How to Make Espresso

Espresso is made with the same coffee plant used in other brewing methods and is often grown, processed, and even roasted in the same way. Espresso is unique because it is brewed by subjecting the coffee beans to hot water at high pressures for a limited time. An espresso machine creates an environment in which hot water is forced through the coffee beans to create pressure and extract the coffee into the water, resulting in a delicious cup of coffee.

How to Make Espresso

Step 1: Selecting the Bean

The first step in creating good espresso lies in preparing the coffee beans. Good espresso can be made with the same type of beans as other brewing methods. Still, many coffee roasters often sell coffee explicitly roasted for espresso to complement the unique and complex flavors extracted through the shot-pulling process. The most crucial factor is to use beans roasted within the last 2 weeks and purchased as the whole bean.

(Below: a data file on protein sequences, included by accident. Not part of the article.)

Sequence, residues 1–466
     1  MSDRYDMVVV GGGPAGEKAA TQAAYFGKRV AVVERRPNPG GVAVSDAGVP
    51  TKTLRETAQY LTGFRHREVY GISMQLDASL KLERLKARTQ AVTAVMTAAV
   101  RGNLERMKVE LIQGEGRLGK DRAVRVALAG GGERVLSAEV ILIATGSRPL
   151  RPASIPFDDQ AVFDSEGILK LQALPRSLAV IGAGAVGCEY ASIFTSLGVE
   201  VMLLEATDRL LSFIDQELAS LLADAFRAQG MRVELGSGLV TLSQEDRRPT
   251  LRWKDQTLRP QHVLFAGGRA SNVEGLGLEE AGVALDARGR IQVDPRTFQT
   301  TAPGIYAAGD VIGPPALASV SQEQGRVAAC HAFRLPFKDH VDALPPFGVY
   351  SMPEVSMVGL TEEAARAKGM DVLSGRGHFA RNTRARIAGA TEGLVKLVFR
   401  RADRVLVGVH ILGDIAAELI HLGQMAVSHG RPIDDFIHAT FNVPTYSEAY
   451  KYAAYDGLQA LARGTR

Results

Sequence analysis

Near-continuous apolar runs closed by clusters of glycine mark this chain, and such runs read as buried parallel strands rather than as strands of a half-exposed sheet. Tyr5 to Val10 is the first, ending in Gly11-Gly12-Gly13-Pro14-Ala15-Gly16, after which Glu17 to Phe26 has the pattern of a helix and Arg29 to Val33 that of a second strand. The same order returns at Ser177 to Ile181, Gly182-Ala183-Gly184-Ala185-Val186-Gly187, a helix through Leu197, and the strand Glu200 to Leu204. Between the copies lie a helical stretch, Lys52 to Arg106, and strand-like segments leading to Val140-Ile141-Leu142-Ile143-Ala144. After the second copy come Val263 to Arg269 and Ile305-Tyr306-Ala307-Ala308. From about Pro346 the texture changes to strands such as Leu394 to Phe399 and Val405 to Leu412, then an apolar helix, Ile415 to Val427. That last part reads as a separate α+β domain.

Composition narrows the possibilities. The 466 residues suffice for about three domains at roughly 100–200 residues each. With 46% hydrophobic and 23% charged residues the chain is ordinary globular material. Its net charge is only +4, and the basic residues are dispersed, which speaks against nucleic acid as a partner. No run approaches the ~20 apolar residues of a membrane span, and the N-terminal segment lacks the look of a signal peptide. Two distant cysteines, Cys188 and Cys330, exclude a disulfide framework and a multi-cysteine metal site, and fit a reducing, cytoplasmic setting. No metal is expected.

Step 2: Grinding the Coffee

Coffee starts to lose flavor within 20 minutes of being ground due to oxidation, that is, oxygens interaction with the fine coffee particles turning the natural sugars and soft acids into acrid bitterness. As a result, the best espresso is made with fresh coffee that is ground immediately before brewing. While any coffee grinder can work, to get the best espresso, we recommend using an espresso-specific grinder capable of creating uniform grinds fine enough to make the pressure required for proper extraction.

Step 3: Preparing the Puck